F1 racing won't last long at new Austin track
By all accounts, the U.S. Grand Prix at the brand new Circuit of the Americas in Texas on Sunday was a yee-haw, rip-roarin’ success.
The circuit looked terrific and challenging (although I was kinda irritated by the red, white and blue colours bordering the black macadam) and the race itself was one of the best of the season.
It’s too bad that next-to-nobody in North America saw it.
Okay, that’s an exaggeration, but not by much.
This spectacle that Bernie Ecclestone and the other fist-pumpers for F1 claim is better than the Olympic Games was attended in person by 117,000 people on race day, according to the organizers.
SPEED Channel, which carried the contest in the U.S., put out a release saying more than 500,000 people tuned in but it couldn’t have been a lot more or else they would have said so. Although I haven’t seen exact figures, between 100,000 to 120,000 people in Canada usually watch F1 on TSN, so we’ll go with that figure even though the total is probably lower because not everybody was aware of the race being available live on CTV2.
So except for Mexico, that puts the total for North America at approximately – give or take a thousand here and there – 740,000.
That is nothing to get excited about.
Of course, millions around the world watched the race, which is good, but 740,000 in North America puts that race well below the total who watched the final NASCAR race of the season as well as the millions who were watching NFL football on Sunday, which is not good.
Far from good, in fact.
Although I am a fanatic for most forms of motorsport, as are – presumably – the people reading this blog, we are very much a minority in the two countries that count here, the United States and Canada.
No wonder I didn’t see any evidence of American corporate involvement at the Austin circuit. If it wasn’t for Pirelli – which is an F1 supplier, for heaven’s sake – there wouldn’t have been any sign whatsoever of interest on behalf of Big Business.
And the only other advertising signs I saw were for two traditional offshore F1 sponsors, LG Corp., which is a South Korean congolmerate, and UBS, which is a Swiss global financial services company.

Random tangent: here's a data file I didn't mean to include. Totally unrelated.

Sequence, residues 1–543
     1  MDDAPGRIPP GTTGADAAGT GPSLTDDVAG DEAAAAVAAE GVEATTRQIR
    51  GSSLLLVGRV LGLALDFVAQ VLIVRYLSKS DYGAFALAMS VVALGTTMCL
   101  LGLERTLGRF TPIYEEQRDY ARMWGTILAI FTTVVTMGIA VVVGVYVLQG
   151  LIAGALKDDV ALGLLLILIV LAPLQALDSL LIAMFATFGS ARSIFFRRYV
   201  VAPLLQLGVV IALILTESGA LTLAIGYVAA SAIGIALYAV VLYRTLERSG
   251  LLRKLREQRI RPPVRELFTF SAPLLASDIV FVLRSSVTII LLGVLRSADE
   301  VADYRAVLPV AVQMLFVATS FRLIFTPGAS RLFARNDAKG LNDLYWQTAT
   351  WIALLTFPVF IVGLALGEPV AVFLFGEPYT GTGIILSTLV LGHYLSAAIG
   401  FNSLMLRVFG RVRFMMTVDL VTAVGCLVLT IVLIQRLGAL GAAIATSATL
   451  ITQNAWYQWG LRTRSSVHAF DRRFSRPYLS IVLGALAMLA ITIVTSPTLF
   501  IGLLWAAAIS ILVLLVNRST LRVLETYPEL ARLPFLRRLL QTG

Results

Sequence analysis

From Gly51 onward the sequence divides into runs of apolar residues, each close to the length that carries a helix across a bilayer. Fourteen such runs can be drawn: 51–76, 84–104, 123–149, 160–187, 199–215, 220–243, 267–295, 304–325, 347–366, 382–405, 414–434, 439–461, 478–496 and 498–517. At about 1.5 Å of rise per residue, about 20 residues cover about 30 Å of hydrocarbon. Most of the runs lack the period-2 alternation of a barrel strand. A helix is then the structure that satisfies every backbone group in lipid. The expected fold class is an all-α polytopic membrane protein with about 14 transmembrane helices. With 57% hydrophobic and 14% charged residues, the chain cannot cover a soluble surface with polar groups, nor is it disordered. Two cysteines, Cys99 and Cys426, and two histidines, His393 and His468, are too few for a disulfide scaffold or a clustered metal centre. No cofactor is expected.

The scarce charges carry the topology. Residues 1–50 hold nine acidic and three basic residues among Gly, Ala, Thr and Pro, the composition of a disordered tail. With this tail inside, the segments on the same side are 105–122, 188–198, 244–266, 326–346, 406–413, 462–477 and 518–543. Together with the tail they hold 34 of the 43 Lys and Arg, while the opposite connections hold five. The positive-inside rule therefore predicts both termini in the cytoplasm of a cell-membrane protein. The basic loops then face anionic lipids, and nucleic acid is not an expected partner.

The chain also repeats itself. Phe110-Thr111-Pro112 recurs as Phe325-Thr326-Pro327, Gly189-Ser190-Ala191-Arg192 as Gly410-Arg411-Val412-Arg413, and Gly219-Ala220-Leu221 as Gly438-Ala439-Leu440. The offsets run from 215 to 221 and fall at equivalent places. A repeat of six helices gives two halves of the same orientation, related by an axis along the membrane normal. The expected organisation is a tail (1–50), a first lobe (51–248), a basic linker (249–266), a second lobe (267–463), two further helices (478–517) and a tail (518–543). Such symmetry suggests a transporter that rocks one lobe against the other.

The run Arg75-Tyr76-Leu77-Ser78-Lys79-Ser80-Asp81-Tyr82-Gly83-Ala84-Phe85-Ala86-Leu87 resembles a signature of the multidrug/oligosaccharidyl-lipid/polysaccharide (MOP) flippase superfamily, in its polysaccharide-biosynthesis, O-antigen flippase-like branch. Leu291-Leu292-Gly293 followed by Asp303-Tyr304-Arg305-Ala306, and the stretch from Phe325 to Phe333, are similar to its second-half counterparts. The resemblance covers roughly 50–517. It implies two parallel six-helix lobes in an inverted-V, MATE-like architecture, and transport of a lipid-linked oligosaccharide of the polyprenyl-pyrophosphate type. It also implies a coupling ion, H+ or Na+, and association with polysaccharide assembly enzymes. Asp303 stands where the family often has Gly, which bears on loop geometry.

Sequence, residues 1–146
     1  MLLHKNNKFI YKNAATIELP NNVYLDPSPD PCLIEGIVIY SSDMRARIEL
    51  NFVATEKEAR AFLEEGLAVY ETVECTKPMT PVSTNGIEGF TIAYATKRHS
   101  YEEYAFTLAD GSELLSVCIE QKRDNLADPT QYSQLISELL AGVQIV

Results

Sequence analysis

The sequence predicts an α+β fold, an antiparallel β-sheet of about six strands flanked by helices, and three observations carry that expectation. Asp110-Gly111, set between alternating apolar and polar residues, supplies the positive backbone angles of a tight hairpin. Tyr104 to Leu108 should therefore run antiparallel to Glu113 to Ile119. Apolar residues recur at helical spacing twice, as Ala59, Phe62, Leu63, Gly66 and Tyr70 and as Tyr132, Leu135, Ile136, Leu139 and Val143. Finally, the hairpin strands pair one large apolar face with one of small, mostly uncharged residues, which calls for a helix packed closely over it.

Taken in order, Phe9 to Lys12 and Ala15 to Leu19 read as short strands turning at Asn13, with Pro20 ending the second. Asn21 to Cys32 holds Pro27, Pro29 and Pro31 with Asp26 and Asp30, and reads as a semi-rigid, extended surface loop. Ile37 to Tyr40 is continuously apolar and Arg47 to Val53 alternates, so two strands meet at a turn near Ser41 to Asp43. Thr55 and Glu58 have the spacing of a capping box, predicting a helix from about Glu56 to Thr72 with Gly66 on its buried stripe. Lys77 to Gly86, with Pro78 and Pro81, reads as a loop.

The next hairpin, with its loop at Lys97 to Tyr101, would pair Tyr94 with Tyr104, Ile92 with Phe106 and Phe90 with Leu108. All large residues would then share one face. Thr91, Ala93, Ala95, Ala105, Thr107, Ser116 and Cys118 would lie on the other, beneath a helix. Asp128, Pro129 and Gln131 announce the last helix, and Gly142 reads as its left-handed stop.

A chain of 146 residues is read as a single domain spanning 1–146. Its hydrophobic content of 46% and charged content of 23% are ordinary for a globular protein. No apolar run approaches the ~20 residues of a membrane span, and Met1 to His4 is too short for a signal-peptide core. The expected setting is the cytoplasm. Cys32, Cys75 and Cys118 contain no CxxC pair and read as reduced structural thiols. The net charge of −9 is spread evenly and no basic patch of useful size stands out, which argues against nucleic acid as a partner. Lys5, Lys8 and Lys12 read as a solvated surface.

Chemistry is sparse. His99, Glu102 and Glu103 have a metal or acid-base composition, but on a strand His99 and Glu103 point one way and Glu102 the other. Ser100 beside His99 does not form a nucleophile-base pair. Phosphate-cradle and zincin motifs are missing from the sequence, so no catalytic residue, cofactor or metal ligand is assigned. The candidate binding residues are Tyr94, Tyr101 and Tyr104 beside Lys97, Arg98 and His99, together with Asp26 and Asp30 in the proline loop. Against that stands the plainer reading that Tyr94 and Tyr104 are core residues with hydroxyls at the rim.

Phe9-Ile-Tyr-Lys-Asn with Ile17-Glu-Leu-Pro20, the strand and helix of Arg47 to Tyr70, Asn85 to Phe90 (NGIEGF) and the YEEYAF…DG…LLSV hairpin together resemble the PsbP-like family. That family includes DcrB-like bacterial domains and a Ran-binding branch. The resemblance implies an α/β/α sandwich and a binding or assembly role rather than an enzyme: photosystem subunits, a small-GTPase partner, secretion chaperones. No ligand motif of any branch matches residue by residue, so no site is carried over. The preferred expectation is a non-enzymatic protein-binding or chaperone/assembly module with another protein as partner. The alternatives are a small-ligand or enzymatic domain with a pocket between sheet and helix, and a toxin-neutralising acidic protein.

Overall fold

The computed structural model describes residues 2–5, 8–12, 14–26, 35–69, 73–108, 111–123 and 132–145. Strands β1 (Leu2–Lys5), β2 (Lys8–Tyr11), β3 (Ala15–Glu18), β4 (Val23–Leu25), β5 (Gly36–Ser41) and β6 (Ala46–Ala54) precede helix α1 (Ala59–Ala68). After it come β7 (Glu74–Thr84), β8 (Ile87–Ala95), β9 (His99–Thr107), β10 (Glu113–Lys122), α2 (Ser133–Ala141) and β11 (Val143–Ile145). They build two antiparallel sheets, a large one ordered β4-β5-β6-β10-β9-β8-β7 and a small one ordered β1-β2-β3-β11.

Where was Budweiser? I mean, that’s how you know if something in the U.S. is truly major league, isn’t it? If there’s a Budweiser sign somewhere?
But there was no Bud.
So with minimal interest from corporate America, and way fewer than a million people actually watching, I don’t think F1 is going to last very long at the Circuit of the Americas.
They pulled it off this time by really socking it to those 117,000 people who showed up.
How d’ya like these prices (as sent to me by a friend who knows his way around this sport):
Three-day seating went for $6,500 per year for a seat licence in a five-year contract and then $9,500 for the seat. A 24-person suite cost $175,000 plus extra for food and drinks. On-site motorhome parking cost $15,000 and you had to sign a three-year contract. $500 was the going rate for the cheapest grandstand seat on the far side of the circuit. It cost $12 for a beer and $15 for a burger.
A tee-shirt with a COTA logo set you back $32 and a white shirt with logo cost $69.
Now, most sports stadiums and attractions draw really well the first time out and then tail off.
Remember when the IRL first went to the brand new Texas Motor Speedway? Well, 180,000 showed up for that first race but the second time the Indy cars went there, 100,000 of those first-nighters stayed home.
The first time the F1 series raced at the Indianapolis Motor Speedway in 2000, more than 200,000 fans showed up. When F1 stopped racing at Indy in 2007, the crowd was down to 100,000 – still an enormous number but exactly half of what it once was.
Austin did well last weekend. And might do okay next year and even the year after that.
But without U.S. corporate support in the form of a title sponsor, way higher TV numbers and less gouging of the paying public who will simply refuse to attend, F1 racing in America is once-again going to be a short-term proposition.